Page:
Difference between revisions of "Escalate Privileges on Mac OS X"
(New page: This is a rewrite of the article from Hackszine [http://www.hackszine.com/blog/archive/2009/02/gain_admin_rights_in_os_x_leop.html on 2/13/2009]. == Introduction == Mac OS X has very few ...)
Revision as of 09:22, 13 February 2009
This is a rewrite of the article from Hackszine on 2/13/2009.
Mac OS X has very few core differences in operation from a standard Unix operating system. In many cases, a trick that works on Linux or FreeBSD will work, with little modification, on Mac OS X. We'll apply this to escalation of privileges. We do this the same way a root password is recovered on Linux or BSD systems.
- First, reboot the machine into single-user mode. Do this by holding the Command-S key combination until the machine has booted.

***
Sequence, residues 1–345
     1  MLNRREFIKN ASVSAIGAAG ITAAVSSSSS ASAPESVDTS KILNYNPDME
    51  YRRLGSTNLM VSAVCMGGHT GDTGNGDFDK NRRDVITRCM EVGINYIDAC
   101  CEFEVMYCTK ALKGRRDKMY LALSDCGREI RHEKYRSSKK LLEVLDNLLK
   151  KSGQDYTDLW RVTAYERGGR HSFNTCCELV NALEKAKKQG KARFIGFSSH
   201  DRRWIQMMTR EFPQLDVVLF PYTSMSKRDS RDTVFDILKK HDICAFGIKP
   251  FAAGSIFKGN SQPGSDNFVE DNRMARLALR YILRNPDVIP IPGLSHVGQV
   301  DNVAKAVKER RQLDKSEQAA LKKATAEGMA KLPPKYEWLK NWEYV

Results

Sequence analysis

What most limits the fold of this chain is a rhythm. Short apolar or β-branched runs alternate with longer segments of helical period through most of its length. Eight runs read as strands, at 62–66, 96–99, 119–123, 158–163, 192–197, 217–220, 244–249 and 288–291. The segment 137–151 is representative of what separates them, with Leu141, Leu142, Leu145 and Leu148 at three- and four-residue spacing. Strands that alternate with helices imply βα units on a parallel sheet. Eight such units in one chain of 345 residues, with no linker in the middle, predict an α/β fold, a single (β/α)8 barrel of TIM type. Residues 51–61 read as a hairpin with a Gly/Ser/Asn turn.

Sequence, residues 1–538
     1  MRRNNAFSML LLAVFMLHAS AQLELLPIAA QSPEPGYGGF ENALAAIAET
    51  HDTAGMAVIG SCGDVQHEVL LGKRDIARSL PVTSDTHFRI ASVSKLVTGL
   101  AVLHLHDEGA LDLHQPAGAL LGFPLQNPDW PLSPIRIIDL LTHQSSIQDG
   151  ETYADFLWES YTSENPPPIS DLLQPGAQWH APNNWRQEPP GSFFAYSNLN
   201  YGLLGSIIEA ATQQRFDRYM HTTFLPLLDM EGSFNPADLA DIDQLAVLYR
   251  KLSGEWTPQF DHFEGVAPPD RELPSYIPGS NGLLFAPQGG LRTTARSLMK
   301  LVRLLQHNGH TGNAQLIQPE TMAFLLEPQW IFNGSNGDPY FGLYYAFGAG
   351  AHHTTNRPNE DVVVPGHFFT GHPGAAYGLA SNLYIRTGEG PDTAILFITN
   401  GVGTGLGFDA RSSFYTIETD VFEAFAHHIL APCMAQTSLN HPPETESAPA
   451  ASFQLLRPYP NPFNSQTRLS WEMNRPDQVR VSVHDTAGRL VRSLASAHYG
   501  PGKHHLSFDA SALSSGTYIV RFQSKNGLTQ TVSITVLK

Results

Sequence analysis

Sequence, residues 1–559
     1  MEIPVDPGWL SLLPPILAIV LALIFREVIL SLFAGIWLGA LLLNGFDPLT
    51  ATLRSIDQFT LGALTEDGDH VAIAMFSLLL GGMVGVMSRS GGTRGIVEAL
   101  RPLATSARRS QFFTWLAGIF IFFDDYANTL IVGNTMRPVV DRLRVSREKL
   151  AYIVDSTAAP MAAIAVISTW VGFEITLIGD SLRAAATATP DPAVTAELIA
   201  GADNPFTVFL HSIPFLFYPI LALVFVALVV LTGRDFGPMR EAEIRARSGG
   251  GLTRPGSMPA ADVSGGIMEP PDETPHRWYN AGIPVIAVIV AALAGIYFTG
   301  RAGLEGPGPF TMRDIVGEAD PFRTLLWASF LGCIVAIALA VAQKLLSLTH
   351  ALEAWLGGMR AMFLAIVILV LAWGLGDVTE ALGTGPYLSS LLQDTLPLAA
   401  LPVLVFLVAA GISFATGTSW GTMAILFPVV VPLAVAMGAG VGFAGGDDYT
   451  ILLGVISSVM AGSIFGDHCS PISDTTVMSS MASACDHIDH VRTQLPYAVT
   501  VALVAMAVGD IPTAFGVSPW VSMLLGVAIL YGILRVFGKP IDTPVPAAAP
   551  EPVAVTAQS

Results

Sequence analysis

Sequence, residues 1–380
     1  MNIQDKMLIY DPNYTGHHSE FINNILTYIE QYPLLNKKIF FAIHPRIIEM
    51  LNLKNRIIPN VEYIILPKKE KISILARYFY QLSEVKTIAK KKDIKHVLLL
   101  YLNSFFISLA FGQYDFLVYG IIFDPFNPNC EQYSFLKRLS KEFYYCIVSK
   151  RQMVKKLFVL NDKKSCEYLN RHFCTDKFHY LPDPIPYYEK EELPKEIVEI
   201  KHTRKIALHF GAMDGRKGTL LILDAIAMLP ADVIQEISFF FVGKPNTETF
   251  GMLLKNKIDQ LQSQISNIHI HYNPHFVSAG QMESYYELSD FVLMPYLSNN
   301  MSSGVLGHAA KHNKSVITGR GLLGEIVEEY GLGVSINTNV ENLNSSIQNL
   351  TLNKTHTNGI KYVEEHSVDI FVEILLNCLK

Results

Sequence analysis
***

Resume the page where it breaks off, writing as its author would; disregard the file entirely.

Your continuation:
- Once booted, mount the file systems read-write. Most default-installed Mac OS X systems only have one partition:
:/ root# mount /
- Now. we need to launch directory services.
:/ root# launchctl load /System/Library/LaunchDaemons/com.apple.DirectoryServices.plist
- Add the user to the admin group.
To add the group membership to a user, use the following command:
:/ root# dscl . append groups/admin users <username>
- Using one of the two following commands, verify the user has been added to the admin group:
- groups <username> -or-
- dscl . read groups/admin users (there is a space on either side of the period)
Lock it Down
In Mac OS X 10.4 and later, simply setting an Open Firmware, or EFI firmware password will prevent booting into single-user mode without the firmware password. You can view Apple's Knowledge Base articles here: